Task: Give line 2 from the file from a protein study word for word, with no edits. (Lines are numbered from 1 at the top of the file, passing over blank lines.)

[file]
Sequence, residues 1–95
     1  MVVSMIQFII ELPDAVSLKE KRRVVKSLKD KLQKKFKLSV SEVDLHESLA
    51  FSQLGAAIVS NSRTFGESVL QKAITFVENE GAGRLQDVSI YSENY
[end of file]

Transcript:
     1  MVVSMIQFII ELPDAVSLKE KRRVVKSLKD KLQKKFKLSV SEVDLHESLA